Between 2000 and 2016, almost 360 animal disease outbreaks were recorded across 116 countries. This caused enormous economic losses, impacting trade and affecting global food security. Of these outbreaks, two-thirds were caused by just five diseases, including Avian Influenza, Foot and Mouth Disease, and African Swine Fever. This highlights the opportunities available to better target and manage livestock disease. Scientific advances and emerging technologies, from artificial intelligence to stem cell therapy and new generations of vaccines, have benefitted the animal healthcare space greatly. They have provided greater opportunities to predict, prevent, diagnose, and treat animal illness faster, safer, and more accurately. Veterinary researchers and developers continue to break new ground in reducing disease spread and its impact. Innovations on the horizon in animal health offer the prospect of a world where the threat of disease is much reduced, thanks to stronger immunity, improved prevention strategies, earlier and more specific diagnosis, and more accurate and effective treatment. Bringing these innovations to fruition, from development to widespread availability, would mean lower emissions, less natural resource use, and fewer animals lost.

    Animal health manufacturers have a tough road ahead of them with these uncertainties and challenges. With the help of technology partners, animal health companies can maintain agility and focus on innovation and bringing new therapies to the market. Having a strong omnichannel ecosystem can aid animal health companies with better supply chain management, analytics on purchasing patterns, stronger customer relationships, and greater exposure to emerging markets. Axtria is a strategic partner to animal health organizations in the United States and Europe. Its flagship product, Axtria SalesIQTM, aligns commercial operations with a robust incentive compensation module for sales teams. Axtria DataMAxTM ingests and integrates data from disparate sources to make it ready for analytics and insight generation. Axtria has also joined hands with companies to provide consulting in designing their data and omnichannel strategies.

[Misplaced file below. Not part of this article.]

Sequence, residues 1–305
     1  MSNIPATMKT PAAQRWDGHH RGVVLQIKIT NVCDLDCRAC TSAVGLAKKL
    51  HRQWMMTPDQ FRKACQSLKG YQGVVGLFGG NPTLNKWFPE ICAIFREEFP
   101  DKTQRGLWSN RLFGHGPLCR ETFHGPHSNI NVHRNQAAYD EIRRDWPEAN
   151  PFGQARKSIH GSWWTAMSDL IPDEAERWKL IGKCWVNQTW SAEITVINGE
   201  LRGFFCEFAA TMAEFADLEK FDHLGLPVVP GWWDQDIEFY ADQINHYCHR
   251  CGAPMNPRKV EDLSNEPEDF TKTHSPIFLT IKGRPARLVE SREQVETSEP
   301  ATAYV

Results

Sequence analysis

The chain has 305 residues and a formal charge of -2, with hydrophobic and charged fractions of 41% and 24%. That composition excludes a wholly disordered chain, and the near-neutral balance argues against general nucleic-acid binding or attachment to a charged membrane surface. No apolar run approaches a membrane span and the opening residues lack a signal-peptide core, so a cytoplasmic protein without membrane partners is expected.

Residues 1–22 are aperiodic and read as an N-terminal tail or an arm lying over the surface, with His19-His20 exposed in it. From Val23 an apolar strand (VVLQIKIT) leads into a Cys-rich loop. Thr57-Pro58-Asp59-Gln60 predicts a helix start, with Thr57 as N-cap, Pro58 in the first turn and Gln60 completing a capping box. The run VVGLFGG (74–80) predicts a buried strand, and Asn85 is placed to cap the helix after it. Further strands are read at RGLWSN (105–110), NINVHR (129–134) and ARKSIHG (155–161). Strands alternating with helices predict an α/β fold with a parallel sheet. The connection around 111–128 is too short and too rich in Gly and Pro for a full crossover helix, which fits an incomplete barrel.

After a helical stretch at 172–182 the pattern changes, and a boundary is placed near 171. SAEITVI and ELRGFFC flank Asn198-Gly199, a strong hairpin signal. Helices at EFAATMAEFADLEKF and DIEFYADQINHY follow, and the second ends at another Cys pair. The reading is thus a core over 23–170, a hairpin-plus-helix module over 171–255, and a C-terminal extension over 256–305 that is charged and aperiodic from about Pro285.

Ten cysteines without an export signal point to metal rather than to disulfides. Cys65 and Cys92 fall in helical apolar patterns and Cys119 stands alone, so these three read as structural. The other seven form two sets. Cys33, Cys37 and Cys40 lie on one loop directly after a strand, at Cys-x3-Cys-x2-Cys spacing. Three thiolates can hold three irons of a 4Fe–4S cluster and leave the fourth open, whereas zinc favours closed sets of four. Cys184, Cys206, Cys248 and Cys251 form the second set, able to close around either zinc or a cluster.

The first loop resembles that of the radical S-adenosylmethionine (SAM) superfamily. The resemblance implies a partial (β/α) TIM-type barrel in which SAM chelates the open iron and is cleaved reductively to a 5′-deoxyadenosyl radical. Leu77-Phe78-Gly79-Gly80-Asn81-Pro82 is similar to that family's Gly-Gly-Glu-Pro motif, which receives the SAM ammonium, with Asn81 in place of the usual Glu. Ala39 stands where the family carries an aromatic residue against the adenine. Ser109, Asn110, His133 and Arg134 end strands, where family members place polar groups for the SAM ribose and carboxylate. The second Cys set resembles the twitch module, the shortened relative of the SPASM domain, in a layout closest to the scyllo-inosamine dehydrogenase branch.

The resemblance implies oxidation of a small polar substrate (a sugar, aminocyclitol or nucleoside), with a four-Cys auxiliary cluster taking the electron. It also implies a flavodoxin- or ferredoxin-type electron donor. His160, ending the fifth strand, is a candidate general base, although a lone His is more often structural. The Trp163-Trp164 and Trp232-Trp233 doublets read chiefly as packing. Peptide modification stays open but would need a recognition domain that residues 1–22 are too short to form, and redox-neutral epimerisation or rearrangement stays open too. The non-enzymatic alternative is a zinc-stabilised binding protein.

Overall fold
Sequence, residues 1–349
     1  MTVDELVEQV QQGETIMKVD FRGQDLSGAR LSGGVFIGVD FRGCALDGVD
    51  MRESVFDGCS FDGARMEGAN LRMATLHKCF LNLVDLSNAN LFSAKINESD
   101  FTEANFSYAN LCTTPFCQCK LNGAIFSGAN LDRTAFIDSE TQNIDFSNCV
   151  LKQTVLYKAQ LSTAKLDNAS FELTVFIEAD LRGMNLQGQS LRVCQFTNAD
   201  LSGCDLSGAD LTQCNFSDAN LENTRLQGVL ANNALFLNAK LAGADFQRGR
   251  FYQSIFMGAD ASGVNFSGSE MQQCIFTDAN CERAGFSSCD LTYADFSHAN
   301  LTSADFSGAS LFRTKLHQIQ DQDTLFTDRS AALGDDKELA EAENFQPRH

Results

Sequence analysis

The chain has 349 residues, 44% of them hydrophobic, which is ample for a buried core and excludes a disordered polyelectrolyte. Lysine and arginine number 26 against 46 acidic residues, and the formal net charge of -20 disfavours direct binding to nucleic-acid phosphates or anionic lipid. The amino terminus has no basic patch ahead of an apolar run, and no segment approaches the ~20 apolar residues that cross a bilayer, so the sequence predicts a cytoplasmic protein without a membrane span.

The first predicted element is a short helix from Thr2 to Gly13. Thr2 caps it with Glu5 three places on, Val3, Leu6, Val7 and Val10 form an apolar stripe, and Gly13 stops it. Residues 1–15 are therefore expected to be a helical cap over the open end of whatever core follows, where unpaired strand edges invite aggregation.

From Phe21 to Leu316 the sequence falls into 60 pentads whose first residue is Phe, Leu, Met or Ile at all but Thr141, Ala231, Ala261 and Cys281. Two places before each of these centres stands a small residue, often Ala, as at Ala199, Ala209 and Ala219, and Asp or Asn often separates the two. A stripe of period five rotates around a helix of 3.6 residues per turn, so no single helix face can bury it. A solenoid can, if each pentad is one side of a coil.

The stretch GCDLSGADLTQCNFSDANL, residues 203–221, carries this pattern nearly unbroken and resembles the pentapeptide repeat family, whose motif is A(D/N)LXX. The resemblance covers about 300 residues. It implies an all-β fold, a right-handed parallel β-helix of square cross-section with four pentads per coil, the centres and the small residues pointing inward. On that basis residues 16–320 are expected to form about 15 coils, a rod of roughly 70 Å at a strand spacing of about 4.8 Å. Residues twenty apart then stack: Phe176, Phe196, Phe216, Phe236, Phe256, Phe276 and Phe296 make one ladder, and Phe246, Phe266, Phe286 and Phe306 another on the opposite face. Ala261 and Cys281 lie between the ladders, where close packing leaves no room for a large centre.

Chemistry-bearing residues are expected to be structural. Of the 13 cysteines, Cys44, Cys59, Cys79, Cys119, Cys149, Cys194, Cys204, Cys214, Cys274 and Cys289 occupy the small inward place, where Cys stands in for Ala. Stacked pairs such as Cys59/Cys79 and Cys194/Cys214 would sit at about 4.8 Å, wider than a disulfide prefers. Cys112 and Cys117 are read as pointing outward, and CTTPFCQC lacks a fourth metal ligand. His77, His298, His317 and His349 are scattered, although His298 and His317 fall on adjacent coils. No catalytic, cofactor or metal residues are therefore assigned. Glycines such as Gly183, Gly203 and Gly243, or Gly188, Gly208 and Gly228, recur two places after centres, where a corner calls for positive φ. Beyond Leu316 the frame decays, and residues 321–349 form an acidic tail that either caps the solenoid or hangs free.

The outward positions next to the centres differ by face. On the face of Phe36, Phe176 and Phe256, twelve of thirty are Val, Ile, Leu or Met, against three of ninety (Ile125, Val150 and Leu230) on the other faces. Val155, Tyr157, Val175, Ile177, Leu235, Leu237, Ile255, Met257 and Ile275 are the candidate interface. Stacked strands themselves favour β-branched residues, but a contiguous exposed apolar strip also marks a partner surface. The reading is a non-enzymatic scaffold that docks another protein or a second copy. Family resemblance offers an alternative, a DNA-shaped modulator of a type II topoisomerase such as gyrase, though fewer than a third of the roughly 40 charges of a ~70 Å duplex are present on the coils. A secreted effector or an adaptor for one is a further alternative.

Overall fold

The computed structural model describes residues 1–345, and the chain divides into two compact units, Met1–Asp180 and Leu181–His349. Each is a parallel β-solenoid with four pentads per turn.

Smoothing the route to market for these new and emerging solutions will unlock the benefits of improved animal health, making raising animals more sustainable. Facilitating development and pathways to market is essential to deliver the next generation of innovation in animal health. Joining hands with the right technology partners can help animal health companies accelerate this innovation and remain relevant and agile in this ever-changing global environment.


    1. Fortune Business Insights. Animal Health Market Size, Share, Growth Global Industry Report 2026 [Internet]. Maharashtra, India: Fortune Business Insights Pvt. Ltd.; March 2020 [cited July 2022]. Available from: https://www.fortunebusinessinsights.com/animal-health-market-102371
    2. Grand View Research. Pet Care E-commerce Market Size Industry Report, 2020-2027 [Internet]. San Francisco, California: Grand View Research, Inc. [cited July 2022]. Available from: https://www.grandviewresearch.com/industry-analysis/pet-care-ecommerce-market

    A1390_Megha Kapadia (1)
    Written By:

    Megha Kapadia
    She drives content strategies at Axtria having rich experience in Presales and Business Development in areas of Data Management, AI-ML, Customer 360, Omnichannel, and customer engagement.

    Scott Jacobovitz
    Scott Jacobovitz has over 30 years of experience in the life sciences industry, with 12 of those years including animal health products and services. His expertise includes commercial excellence, marketing, and sales strategy. Currently, Scott is a Director in Axtria's Commercial Excellence practice. He leads global engagements in both animal health and human pharma. Scott has an MBA from Seton Hall University and is a certified PMP.